Faculty, staff, and students from independent schools from around the country attended the People of Color Conference in Atlanta, Georgia on December 8-10. The conference focused on the theme of Advancing Human and Civil Rights–Fulfilling the Dream Together. There were more than 6,000 attendees, 1,600 of them students, which is the largest in the conference’s 30 year history.

The four faculty members from IMS who attended were (pictured right to left) Head of the Upper School Flynn Corson, Director of Student Health and Wellness Lauren Frankenbach (LCSW), School Counselor Veena Raghuvir, and Life Skills Teacher Nora Yasumura.

“It was a very powerful, thoughtful, humbling, and interesting conference,” said Lauren Frankenbach. One of the many powerful moments included an opening ceremony presentation by 15-year-old Royce Mann, whose slam poetry performances of “White Boy Privilege” and “All Lives Matter, But…,” have been seen by millions of viewers via social media.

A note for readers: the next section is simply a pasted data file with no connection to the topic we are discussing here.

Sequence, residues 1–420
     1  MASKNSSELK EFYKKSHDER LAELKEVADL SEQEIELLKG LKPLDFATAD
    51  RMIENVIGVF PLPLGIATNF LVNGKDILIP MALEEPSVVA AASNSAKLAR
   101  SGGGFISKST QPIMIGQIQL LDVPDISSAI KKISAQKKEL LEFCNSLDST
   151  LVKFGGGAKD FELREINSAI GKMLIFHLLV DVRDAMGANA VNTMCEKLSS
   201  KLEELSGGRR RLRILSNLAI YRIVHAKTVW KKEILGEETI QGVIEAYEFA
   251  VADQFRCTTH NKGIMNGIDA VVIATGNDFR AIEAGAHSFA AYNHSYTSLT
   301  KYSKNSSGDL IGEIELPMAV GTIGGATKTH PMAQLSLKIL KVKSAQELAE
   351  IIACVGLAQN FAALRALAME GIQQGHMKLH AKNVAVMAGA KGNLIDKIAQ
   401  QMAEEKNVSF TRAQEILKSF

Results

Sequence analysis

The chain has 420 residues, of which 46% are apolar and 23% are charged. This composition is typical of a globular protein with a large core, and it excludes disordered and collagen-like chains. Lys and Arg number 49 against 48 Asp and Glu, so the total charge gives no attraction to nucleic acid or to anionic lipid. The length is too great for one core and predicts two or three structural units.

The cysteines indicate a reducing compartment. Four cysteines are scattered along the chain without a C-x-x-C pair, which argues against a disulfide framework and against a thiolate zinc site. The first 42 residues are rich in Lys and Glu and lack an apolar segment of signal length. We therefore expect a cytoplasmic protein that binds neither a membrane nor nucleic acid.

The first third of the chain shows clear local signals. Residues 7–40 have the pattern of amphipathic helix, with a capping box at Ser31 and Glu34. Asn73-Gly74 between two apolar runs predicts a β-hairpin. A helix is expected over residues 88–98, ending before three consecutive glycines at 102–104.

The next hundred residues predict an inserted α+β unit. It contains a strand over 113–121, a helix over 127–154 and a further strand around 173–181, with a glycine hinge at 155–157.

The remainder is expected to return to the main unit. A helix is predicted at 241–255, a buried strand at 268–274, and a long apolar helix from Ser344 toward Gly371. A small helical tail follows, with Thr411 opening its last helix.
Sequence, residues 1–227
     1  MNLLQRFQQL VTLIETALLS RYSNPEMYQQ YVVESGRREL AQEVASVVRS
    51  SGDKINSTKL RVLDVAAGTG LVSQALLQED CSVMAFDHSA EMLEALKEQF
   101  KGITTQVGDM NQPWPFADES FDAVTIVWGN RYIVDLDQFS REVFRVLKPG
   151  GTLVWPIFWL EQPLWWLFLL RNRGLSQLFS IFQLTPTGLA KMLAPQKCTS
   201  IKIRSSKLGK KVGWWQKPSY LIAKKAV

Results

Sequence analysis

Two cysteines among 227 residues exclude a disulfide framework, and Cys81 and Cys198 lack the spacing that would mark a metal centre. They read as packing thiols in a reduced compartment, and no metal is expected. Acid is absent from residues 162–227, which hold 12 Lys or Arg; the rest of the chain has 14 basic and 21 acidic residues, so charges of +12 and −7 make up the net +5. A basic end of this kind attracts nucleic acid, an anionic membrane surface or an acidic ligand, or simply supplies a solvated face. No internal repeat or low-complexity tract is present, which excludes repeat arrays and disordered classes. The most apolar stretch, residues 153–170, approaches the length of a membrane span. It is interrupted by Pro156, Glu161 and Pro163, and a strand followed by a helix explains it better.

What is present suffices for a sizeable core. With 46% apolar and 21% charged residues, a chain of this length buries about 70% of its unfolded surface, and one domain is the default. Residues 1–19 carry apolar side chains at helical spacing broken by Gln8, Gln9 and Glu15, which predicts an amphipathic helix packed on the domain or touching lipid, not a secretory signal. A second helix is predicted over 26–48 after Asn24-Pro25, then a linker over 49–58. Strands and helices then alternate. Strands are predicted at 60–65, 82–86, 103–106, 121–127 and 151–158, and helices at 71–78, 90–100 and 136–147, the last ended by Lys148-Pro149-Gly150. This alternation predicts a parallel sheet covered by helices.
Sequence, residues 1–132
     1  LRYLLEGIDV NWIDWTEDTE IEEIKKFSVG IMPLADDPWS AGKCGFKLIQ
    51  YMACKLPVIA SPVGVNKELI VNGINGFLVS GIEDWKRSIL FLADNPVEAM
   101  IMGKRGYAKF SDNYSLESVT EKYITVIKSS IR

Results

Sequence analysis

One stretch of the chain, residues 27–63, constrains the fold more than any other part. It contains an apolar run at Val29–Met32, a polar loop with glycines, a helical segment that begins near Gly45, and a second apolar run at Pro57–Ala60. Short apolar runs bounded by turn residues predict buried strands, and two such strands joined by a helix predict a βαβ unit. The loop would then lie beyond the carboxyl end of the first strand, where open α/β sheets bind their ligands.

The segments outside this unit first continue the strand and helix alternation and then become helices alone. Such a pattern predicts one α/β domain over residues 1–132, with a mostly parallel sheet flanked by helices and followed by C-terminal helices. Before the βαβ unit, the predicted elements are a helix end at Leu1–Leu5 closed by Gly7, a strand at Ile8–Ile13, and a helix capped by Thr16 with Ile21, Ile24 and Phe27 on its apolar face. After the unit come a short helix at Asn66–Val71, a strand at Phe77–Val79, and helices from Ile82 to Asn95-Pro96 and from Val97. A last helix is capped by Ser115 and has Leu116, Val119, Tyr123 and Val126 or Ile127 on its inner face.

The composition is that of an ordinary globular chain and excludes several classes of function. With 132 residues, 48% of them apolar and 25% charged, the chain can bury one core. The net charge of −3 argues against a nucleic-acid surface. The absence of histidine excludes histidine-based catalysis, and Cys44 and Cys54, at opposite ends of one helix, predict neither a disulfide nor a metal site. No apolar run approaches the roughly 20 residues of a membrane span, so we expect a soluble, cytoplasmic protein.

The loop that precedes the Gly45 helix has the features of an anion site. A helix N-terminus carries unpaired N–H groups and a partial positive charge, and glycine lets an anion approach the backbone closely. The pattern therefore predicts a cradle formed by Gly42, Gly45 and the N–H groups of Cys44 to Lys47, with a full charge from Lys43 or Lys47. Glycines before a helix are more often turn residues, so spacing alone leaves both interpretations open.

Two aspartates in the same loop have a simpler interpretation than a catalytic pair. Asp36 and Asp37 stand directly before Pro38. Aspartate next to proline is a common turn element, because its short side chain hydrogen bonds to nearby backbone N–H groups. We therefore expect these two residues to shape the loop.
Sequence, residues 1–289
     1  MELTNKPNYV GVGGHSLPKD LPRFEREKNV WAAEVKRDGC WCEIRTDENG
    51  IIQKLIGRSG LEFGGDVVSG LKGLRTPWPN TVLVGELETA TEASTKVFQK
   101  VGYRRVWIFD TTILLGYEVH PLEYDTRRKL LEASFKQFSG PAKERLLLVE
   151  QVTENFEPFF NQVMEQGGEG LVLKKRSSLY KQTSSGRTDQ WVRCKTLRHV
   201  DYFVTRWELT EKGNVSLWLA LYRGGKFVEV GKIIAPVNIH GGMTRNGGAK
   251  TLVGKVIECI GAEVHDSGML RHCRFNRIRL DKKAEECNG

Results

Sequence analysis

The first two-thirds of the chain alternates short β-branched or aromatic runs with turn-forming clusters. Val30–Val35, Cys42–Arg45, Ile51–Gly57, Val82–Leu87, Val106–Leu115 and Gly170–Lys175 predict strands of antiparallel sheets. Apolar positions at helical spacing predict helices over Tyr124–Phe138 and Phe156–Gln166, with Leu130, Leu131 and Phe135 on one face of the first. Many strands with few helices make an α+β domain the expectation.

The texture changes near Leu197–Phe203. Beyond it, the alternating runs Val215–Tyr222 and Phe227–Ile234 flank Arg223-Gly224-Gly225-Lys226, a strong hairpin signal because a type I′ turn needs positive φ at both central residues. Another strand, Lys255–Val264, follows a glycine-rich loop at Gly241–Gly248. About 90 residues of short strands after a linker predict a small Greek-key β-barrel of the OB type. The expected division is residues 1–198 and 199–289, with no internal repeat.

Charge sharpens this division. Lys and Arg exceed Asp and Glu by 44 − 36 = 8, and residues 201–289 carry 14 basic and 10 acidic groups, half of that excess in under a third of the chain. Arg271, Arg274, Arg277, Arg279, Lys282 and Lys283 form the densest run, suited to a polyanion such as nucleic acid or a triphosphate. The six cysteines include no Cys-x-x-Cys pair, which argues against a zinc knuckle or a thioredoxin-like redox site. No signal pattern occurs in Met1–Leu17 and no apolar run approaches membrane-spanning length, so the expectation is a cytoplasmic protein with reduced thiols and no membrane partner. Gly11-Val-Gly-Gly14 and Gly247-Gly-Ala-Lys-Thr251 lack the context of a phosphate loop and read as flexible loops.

The National Association of Independent Schools (NAIS) chose the theme of Advancing Human and Civil Rights–Fulfilling the Dream Together, as a call to action for our schools in society. Rooted in the world-changing legacy of the life and work of Dr. Martin Luther King, Jr., the NAIS and the conference co-chairs were united in a desire to invoke “the dream” as remembrance, aspiration, and inspiration for the work of equity, diversity, and social justice. Calling explicit attention to both human and civil rights invites critical thinking about the concerns of today and also recognizes the depth and comprehensiveness of Dr. King’s approach to injustice and social equality.
As collaboration is fundamental to innovation—and many of the human and civil rights challenges we face are vexing and seemingly intractable—educational leaders at all levels need to work together to solve them. Moreover, because human beings are complex, with needs and concerns informed by multiple identities and intersections, the 2016 theme reminds us that working together magnifies our capacity to confront and eliminate the implicit and explicit structures that thwart the wellbeing and performance of all members of the independent school community, and helps ensure our relevance and success.